As cuts get faster, tools get smaller, and tolerances get tighter, there is no longer any more room for the good-enough attitude. Traditionally, tool holder balance has always been measured based on the archaic ISO 1940-1 balancing standard (yes, we’re talking about the year 1940). 

ISO 1940-1 is all-encompassing and applies to pretty much any type of rotating machinery, large or small. There’s nothing wrong with this old standard. In fact, it’s done an outstanding job up until this point. But the modern problem is twofold. 

First, the standard is so generalized that it doesn’t account for many important variables unique to spindle/tool holder systems such as ATC repeatability, dynamic cutting forces and modular components. 

Second, holders have gotten so small and are rotated so fast that, in some cases, achieving a balance benchmark like G2.5 is nearly impossible from a practical standpoint and oftentimes isn’t even necessary. Today’s balancing machines are realistically only sensitive enough to pick up on a minimum of around 0.5 g-mm.

In light of this issue, a new standard dubbed ISO 16084 has been developed. This standard considers (what seems like) every possible variable that influences balance in a tool holder/spindle system and was compiled by a joint team of industry experts and academics. 

Like ISO 1940-1, the operator will only have to define a few variables to physically describe the holder and speed/balance requirements while the machine does the calculation work and spits out results in the familiar terms of gram millimeter (g-mm).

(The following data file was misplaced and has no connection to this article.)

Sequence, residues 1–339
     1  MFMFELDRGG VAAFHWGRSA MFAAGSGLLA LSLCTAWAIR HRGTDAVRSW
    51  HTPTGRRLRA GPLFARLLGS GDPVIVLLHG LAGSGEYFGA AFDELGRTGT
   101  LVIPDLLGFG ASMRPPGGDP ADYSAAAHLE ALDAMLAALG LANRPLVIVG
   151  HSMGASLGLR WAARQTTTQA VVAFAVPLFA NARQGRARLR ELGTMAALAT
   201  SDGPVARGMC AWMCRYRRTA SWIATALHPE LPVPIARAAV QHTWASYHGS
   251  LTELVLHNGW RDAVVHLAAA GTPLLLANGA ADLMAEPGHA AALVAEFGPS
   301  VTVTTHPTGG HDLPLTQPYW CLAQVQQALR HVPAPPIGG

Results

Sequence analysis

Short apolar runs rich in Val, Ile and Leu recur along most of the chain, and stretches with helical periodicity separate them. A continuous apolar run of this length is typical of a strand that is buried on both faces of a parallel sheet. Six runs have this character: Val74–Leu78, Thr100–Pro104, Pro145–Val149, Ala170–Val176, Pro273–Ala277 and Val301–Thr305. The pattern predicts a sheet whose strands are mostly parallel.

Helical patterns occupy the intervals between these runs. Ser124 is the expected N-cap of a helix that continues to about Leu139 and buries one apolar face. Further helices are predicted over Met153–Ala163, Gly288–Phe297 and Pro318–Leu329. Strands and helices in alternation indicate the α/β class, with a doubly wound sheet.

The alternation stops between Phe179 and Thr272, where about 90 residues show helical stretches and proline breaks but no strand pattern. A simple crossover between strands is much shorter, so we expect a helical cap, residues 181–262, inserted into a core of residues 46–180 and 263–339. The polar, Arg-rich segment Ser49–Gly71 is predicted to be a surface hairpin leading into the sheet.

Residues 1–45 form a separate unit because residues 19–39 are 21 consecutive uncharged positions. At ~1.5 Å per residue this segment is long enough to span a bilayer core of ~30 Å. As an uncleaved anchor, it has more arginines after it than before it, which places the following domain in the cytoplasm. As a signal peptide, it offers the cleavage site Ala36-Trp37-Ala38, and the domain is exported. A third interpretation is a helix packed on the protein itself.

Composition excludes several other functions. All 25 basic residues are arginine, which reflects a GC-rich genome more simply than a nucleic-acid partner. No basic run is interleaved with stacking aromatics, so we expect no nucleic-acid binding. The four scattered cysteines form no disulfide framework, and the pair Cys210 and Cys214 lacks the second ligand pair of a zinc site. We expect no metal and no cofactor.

But unlike ISO 1940-1, this standard remains viable for any size tool holder or speed and only asks that you define whether or not you require standard balance quality or fine balance quality (rather than G6.3, G2.5, and so on). 

You will find that the new standard is more lenient for small tool holder/high speed situations, to the point where the permissible unbalance is achievable. This leniency is even more apparent as you decrease speed and increase size. The reality is, we as an industry have been manufacturing all tool holders based on a strict standard that was never even designed with tool holders in mind. 

Since ISO 1940-1 is usually the stricter standard, you may be asking yourself: what’s wrong with the old standard if it’s worked so far, or what’s wrong with a tool holder being more balanced than it probably needs to be? 
A few things. Besides the fact that the math behind ISO 1940-1 breaks down and becomes impossible to achieve at smaller sizes and higher speeds, this also means that for years we have spent countless dollars and hours tricking ourselves into needlessly over-balancing tool holders in some cases. 

Clearly, the transition to ISO 16084 will not happen overnight and it may not directly affect everyone but be on the lookout for it as it slowly gains headway. 

Future impact

The tendency in machining has been toward faster and faster, and there’s no reason to believe that this trend will change anytime soon. 

Developments in 3D printing technology, hybrid processes, and rapid digitalization and interconnectivity will greatly impact the manufacturing sector, no doubt. But that’s not to say that machining’s role will disappear, or even necessarily diminish. 

Rather, there will be a continued shift toward high-speed machining to better complement and keep up with these processes. If you can make it faster, you can make it for cheaper. And if you can make it for cheaper, you have an edge over your competition. 

Shops are in a constant race with each other, and those who don’t adapt easily to the constant advances in technology are left in the dust. With higher speeds becoming more of a necessity, proper understanding and implementation of these strategies is essential to survival. 

Did you find this interesting or helpful? Let us know what you think by adding your comments or questions below.


Wes Daughaday

Wed, 01/05/2022 - 16:03

A very well written and informative article. I wish more people understood some of the difficulties that arise when High Speed Machining is mentioned, its not just go faster.